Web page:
(b) applying the coating solution to one surface of a microporous hydrophobic membrane sheet, or to the external surface of a microporous, hydrophobic hollow fiber membrane;

(c) rapidly evaporating the volatile components from the coating;

(d) crosslinking the prepolymer by contacting the coated surface with a solution of a crosslinking agent capable of rendering the coating water-insoluble;

(e) optionally water-washing the crosslinked polymer to remove water soluble components therefrom; and

(f) drying the coating to remove residual moisture, thereby producing the desired laminate.

The laminates of the present invention can be in sheet or hollow-fiber configuration. The methods of the present invention will permit fabrication of laminates by simpler and more economic procedures than those currently in use. In some preferred embodiments of the invention, methods are provided for the preparation of laminates by treatment of finished, pre-assembled membrane modules.

In further preferred embodiments, methods are provided for the in-situ recoating of deteriorated or damaged laminate modules, comprising the steps of:

(a) dissolving or dispersing one or more hydrophilic prepolymers in a volatile, low surface tension organic liquid, or in an aqueous mixture of a volatile, low surface tension organic liquid, to produce a coating solution of the prepolymer;

(b) feeding the coating solution to the feed-side flow channel of a sheet- or hollow-fiber-microporous hydrophobic membrane module in sufficient quantity and at a sufficient rate to form a polymer coating on the membrane surface of the desired thickness, while simultaneously passing an inert gas to the strip-side of the module to evaporate volatile components;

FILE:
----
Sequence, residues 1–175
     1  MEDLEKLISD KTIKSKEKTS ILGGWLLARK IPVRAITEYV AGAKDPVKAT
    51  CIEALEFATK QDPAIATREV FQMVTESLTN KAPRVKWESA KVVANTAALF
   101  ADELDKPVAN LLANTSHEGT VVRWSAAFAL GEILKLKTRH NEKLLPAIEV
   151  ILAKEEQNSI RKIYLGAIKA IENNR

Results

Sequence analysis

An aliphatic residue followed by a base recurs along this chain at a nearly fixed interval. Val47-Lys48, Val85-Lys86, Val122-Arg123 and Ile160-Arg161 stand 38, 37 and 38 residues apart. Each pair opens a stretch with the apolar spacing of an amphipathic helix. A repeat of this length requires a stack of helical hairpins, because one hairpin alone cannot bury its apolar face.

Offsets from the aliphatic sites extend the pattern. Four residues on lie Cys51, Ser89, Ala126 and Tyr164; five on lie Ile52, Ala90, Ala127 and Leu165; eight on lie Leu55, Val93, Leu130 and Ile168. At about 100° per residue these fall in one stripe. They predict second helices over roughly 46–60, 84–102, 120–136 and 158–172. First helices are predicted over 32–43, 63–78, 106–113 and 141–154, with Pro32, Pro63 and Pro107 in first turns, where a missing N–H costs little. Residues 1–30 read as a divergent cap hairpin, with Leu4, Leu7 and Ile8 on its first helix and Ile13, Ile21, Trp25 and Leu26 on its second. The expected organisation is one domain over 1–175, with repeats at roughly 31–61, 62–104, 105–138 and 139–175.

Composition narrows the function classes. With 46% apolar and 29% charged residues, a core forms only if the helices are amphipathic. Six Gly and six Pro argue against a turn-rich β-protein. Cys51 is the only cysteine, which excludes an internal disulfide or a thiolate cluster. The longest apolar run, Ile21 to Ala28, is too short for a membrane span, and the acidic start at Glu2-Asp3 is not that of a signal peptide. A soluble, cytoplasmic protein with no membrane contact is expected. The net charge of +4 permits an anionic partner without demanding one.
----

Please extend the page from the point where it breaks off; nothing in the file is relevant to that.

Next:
(c) evaporating residual volatile components from the coated membrane by flowing a gas through both the feed and strip channels of the coated module;

(d) optionally crosslinking the polymer by contacting the coated surface of the membrane with a solution of a crosslinking agent capable of crosslinking the polymeric coating and rendering it water-insoluble; and

(e) drying the coating to remove residual moisture.

The methods of the invention can be used for producing a suitable thin-hydrogel-film/hydrophobic microporous membrane laminate for osmotic distillation applications in situ in assembled sheet-membrane and hollow-fiber membrane modules or contactors.

In a further aspect, the present invention presents novel methods for producing a laminate, the laminate comprising a hydrogel layer bound to a microporous hydrophobic membrane, comprising the steps of: